It was in Bolivia and, to lesser extent, Argentina that Trotskyism achieved a more sustained and lasting penetration, as it established a firm hold among workers and in union circles. The reception of Trotskyism in the Andean nation was related to the dramatic consequences of the Chaco War (1932–1935) between Bolivia and Paraguay and the exile of the opponents of the war to Chile. The Bolivian Revolutionary Workers Party emerged in 1935 out of that crisis, initially under the leadership of José Aguirre and then Guillermo Lora. The party played an important role in the mobilization of miners and peasants during the 1952 Bolivian Revolution. The presence of Trotskyism, reinforced by Trotsky’s exile to Mexico (1937–1940) and the creation of the Fourth International in 1938, opened a flank that permanently questioned the bureaucratization of Soviet communism; it also opposed the policy of forming antifascist alliances promoted by the Comintern and the neutralization of the imperialist critique forced by that very strategy. Likewise, the theory of “permanent revolution” updated the debate on both the necessity of the capitalist phase as an unavoidable prelude and the role of non-European nations in the global revolution. These were critical points of dissent with respect to the official doctrines of Stalin and the Soviet Communist Party.30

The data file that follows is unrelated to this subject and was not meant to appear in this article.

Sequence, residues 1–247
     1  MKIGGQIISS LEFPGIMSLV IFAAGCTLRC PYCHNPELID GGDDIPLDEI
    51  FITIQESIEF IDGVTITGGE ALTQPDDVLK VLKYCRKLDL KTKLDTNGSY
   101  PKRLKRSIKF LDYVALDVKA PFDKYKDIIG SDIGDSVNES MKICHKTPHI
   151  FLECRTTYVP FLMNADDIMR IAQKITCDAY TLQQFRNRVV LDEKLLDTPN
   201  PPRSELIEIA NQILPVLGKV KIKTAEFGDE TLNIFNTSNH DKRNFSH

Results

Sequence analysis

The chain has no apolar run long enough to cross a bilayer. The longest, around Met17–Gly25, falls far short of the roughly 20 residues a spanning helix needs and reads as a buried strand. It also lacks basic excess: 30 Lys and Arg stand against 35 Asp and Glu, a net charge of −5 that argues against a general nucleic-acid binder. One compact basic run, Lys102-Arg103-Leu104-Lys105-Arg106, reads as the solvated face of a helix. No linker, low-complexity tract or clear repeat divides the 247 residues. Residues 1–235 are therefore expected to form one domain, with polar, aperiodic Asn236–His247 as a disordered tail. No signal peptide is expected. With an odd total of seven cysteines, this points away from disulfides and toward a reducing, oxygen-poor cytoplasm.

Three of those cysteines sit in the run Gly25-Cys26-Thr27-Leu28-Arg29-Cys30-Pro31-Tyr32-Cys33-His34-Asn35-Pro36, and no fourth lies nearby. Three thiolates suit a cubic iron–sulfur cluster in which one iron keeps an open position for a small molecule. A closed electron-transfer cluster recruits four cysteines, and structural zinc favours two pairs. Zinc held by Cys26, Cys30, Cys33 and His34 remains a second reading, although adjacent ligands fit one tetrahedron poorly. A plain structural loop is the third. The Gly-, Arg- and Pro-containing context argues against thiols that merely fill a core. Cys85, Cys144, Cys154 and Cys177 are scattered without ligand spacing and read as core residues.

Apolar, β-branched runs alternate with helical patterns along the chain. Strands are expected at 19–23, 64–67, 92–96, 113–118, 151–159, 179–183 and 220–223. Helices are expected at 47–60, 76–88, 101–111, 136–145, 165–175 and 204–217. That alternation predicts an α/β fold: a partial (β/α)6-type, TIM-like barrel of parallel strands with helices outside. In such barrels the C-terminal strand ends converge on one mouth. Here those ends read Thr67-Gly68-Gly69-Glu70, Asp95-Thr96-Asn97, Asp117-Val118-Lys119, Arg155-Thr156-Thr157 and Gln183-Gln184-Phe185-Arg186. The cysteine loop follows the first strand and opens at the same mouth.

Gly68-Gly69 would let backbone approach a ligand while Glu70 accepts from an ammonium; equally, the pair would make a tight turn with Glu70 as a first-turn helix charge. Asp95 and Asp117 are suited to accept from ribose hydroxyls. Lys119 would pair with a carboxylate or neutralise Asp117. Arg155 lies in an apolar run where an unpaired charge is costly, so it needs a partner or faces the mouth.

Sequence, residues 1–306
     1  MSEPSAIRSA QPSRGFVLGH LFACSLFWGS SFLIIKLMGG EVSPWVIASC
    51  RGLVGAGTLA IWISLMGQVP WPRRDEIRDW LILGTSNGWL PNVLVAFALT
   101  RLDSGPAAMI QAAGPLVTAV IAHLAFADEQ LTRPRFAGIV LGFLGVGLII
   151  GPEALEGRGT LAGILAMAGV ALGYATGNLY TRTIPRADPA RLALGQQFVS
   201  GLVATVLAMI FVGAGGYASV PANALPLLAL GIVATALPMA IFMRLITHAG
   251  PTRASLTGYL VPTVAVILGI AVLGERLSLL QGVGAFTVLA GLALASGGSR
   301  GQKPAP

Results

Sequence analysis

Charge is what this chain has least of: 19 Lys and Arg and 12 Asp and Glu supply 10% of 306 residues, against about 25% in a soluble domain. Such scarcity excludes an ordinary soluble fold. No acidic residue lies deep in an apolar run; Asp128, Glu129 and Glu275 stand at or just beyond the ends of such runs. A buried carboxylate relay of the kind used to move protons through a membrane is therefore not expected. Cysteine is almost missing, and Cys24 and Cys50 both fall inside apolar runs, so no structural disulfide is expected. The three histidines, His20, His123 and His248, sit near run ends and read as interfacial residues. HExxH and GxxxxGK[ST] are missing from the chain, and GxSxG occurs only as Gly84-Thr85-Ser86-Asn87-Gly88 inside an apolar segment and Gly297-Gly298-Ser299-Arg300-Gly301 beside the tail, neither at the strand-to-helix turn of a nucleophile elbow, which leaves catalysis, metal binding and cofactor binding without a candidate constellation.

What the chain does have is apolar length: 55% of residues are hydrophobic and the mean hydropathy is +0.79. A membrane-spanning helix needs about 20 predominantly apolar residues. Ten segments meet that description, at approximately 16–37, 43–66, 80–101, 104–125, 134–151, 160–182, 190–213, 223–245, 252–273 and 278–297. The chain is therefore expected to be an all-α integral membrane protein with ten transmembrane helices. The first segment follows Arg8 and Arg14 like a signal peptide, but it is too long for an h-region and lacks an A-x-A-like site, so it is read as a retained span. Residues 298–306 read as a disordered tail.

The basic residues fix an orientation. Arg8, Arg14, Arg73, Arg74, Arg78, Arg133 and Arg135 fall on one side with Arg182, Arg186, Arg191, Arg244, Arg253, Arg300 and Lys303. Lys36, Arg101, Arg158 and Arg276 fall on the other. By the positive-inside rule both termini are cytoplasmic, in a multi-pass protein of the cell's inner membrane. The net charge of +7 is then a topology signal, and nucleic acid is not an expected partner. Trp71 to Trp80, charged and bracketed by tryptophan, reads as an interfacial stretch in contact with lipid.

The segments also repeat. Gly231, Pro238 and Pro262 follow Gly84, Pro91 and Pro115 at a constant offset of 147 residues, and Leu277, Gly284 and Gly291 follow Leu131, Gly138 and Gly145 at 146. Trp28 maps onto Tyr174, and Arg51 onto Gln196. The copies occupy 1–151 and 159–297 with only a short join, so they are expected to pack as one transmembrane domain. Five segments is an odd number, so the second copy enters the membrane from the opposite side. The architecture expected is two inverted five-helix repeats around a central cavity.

The critique of Stalinism also had individual exponents, including Marxist intellectuals in academic and journalistic circles. The 1940s and 1950s was a particularly prolific period for the elaboration of studies that criticized the application of schematic categories to the understanding of Latin American socioeconomic formations, mainly with respect to the interpretation of Latin American agrarian history through the lens of European feudalism. Historians such as Caio Prado Jr. and Sergio Bagú from Brazil (though the latter wrote in Argentina and Mexico, where he had gone into exile) and Marcello Segall from Chile defended the eminently capitalist though colonial character of the continental economic structure; on the other hand, the Argentine Trotskyist Nahuel Moreno insisted on the coexistence between the capitalist patterns of functioning imposed by the colonizing forces and non-capitalist relations of production.31 In the realm of Marxist sociology, the works by Argentine Silvio Frondizi were equally relevant.